A History of Cycling Advocacy

Share the Road

David Hay, Q.C., Richards Buell Sutton

Even in the nineties cycling looked completely different than it looks now. It was different then. There were no bike lanes, there were no designated bike paths. There were no segregated routes, no infrastructure at all really.
When they started painting lines on the roadway, they were good from an awareness perspective. They were good from the perspective of trying to recognize that cyclists are unique and need something, in terms of some space in the roadway that they can call their own. I think that was good. 
I never thought they were particularly effective in reducing accidents. In fact, I guess the sad irony I think is that when bike lanes were created, and this may be coincidental, I felt like the volume of my work increased somehow.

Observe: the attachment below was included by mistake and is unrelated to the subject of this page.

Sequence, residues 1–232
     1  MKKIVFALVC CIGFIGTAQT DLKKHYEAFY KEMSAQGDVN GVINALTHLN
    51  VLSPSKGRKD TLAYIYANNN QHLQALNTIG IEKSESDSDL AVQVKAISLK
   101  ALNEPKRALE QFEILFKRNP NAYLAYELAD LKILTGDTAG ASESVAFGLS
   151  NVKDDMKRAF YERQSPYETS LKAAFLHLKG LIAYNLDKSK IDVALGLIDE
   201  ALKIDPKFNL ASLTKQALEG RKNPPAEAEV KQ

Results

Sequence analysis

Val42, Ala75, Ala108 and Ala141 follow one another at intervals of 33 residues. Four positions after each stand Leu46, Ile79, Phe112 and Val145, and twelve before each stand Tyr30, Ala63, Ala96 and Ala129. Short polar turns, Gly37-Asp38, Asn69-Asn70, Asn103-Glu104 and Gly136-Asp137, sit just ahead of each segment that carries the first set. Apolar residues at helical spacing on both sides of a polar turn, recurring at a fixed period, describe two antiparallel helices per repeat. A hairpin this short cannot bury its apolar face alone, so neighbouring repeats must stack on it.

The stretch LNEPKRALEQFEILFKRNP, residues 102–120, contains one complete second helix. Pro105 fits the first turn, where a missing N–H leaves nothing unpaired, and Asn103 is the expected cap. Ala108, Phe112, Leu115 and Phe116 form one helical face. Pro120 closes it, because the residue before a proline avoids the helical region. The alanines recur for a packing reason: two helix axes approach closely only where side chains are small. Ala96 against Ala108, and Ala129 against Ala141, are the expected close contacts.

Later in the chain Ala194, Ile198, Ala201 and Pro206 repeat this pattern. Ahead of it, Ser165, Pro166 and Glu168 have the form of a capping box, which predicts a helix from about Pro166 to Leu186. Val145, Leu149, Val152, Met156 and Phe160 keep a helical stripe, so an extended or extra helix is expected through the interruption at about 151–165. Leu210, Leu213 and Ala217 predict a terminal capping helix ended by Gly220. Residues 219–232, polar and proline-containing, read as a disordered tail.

I think there was a sense of complacency that cyclists felt, that when they were in a bike lane they couldn't be harmed. And I think that motorists didn't understand necessarily the nature and purpose of bike lanes. 
There was some hostility, which led to some road rage in certain cases. I had a lot of road rage cases. So the intermingling wasn't necessarily too good for cyclists. Cyclists just had to try to assimilate and find themselves in pretty unhappy situations. 

Colin, former Director of VACC/HUB Cycling, current Director of BC Cycling Coalition

People don't understand what sharing the road is. Some people still see sharing the road as "cyclists get out of my way." They look at that sign showing the car and the cyclists side by side, and they say yeah, the cyclists should allow me to squeeze by.

Kino Roy, HUB Cycling Maple Ridge - Pitt Meadows committee volunteer and City of Maple Ridge Active Transportation Advisory Committee member

There's those people with their giant trucks and they cuss at you. It definitely can rattle you, scare you. 
People who don't have a thick skin, that's going to really affect them, that's going to make them not want to bike. 
For me, I've dealt with traffic a lot and so you kind of get used to it. People who don't have that thick skin, they're just not going to bike, which is sad.